Angela Leadsom told Today in Parliament on Friday night that this leadership election is not as vicious as 2016. She implied all divisions will heal the moment a new leader is elected. That’s nonsense. This has been a squalid and ugly leadership contest focused on issues that matter to the right wing media and the tiny proportion of the electorate that will elect the next prime minister. It would be an irrelevance if it were not an election for the highest office in the land.

This raucous election for the leader of the UK is uncivilised and undignified. The Conservatives are tearing themselves apart. Some will say that is the way of things but it doesn’t have to be the way of things. Surely, we can do better than this.

* Andy Boddington is a Lib Dem councillor in Shropshire. He blogs at andybodders.co.uk. He is Thursday editor of Lib Dem Voice.

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7 Comments

  • That is why we as a party need to grab opportunities which are falling into our laps. Climate change with the leaders of the Tory candidates climate deniers. Europe because 65% of the electorate believe it has been a failure.And they are in disarray over the inflation battle , whilst numerous worker groups are considering or have enacted strike action. Come on Ed. Lets make our own newsworthy statements

  • Helen Dudden 18th Jul '22 - 11:40am

    Self interest. For too long this has been the attitude. There have been chances to move into a better space, on the need to safe energy but this has not happened.

  • George Thomas 18th Jul '22 - 1:39pm

    If 4 out of 5 candidates want to radically change government policy, do they or their party still have a mandate to be in government without fresh election?

  • James Fowler 18th Jul '22 - 5:14pm

    The contest is very personal because there’s a shortage of ideas. There’s really only two in play: Brexit Britain as Singapore on Thames, or Brexit Britain as Walmington on Sea.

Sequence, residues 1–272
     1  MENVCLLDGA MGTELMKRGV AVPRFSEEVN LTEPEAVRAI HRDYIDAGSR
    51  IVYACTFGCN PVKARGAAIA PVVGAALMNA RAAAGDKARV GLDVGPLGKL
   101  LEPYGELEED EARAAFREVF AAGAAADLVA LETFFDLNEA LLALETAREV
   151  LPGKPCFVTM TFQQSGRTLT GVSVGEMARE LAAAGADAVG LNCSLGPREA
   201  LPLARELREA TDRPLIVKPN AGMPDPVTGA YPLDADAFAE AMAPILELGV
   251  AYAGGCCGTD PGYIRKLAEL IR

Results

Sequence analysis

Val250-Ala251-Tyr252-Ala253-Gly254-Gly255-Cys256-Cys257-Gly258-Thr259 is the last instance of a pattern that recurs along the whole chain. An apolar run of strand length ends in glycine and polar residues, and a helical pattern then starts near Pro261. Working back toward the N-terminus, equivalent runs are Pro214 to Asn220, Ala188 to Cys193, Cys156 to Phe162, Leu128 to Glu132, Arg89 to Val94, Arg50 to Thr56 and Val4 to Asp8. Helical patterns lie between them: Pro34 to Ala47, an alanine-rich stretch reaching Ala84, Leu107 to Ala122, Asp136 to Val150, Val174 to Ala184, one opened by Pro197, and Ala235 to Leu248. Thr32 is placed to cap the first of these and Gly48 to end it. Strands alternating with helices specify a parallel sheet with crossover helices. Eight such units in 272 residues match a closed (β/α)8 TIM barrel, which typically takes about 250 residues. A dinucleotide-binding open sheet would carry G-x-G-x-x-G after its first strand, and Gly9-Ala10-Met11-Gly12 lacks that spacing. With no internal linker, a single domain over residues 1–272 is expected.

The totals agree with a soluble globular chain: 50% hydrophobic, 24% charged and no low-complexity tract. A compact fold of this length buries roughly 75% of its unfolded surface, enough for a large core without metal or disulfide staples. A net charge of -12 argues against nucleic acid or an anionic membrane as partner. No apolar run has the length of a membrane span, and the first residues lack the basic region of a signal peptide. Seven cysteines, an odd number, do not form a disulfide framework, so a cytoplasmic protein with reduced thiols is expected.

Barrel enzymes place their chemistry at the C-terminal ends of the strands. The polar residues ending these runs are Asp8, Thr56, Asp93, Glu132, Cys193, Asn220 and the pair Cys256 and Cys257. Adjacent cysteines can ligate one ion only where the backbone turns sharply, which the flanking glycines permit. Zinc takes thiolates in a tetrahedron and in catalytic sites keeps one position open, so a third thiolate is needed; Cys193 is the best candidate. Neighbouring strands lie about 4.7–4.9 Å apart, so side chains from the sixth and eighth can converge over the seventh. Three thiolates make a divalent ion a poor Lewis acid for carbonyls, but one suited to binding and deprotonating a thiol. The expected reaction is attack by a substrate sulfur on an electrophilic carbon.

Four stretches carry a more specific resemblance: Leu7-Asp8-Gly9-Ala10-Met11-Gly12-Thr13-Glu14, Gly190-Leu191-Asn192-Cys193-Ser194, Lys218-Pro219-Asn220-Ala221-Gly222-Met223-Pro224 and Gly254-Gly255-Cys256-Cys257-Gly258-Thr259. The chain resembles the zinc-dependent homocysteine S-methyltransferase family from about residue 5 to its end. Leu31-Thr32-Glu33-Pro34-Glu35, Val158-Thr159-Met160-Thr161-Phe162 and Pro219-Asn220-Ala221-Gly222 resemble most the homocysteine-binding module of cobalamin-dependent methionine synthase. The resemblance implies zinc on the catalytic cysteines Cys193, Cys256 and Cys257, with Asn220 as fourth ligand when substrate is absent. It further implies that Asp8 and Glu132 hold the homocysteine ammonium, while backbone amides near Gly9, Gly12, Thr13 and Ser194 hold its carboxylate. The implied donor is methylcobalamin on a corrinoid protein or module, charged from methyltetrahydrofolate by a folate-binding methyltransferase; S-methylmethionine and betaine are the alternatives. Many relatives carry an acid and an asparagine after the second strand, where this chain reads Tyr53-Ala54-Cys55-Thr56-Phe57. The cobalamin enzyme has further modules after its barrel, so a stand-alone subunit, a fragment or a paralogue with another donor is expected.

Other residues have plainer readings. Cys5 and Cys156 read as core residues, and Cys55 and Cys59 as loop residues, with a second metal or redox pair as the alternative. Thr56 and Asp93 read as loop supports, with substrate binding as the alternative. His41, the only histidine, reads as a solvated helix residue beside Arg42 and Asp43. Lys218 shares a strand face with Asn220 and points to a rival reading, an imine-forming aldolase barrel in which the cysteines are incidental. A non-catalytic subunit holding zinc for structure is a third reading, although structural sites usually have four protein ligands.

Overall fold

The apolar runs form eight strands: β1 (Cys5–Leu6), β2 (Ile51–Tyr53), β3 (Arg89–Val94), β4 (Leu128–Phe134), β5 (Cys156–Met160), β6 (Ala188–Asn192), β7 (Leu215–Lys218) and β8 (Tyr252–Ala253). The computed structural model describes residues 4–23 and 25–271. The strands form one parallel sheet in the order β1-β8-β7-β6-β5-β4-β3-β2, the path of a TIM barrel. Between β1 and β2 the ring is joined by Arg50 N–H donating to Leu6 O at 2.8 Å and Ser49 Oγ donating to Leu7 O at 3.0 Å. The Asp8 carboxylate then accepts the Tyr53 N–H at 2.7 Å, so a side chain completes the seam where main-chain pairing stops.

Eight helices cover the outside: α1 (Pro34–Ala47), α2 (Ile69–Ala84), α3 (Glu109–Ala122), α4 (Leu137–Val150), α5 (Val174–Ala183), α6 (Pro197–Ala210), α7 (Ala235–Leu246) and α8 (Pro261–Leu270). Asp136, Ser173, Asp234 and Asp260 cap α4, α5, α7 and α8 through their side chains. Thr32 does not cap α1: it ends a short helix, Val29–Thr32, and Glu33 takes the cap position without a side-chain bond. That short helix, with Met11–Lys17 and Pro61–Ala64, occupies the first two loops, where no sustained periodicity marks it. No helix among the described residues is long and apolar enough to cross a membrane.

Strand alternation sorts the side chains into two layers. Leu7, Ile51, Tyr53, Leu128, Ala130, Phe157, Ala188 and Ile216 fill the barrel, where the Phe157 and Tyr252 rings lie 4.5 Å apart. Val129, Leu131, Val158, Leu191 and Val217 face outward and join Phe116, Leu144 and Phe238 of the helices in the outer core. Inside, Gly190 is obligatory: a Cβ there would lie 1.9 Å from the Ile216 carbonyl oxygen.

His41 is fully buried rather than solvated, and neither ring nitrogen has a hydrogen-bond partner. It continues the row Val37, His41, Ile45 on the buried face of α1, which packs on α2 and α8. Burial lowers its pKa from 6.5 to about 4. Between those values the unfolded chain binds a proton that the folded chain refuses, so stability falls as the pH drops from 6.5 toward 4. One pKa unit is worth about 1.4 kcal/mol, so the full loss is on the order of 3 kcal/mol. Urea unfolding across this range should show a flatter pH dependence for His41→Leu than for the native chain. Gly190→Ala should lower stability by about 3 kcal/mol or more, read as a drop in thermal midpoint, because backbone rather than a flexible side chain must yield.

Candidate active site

The country at large is frightened, sullen and febrile. The tendency to constantly catastrophise means that one sensation follows another to a point where few can distinguish between what’s solvable and what isn’t, let alone agree on what to do.

  • @James Fowler. As good a summary of the state of the nation as I have heard in a long time. Well said, Sir.

  • Chris Bowser 19th Jul '22 - 9:23am

    For me the Conservatives have always been a hotpotch of disparate groups, we had the euro sceptics, we have the free trade, low tax liberalists, we have the right wing hang em and flog em brigade, we have the dingy pointers, all of whom can coalasce around the idea of ‘not being socialist’
    Meanwhile on the other side we have blarites vs brownites, we have corbynistas all talking each other down. What we need in the UK is a ‘not the tories’ alliance

  • Jason Connor 19th Jul '22 - 5:19pm

    Exactly the same applies to this party with Social Liberals and Orange Bookers. In the coalition some of the latter more to the right than the majority governing party. So the Conservative and Labour parties are not the only ones with disparate groups or ideologies.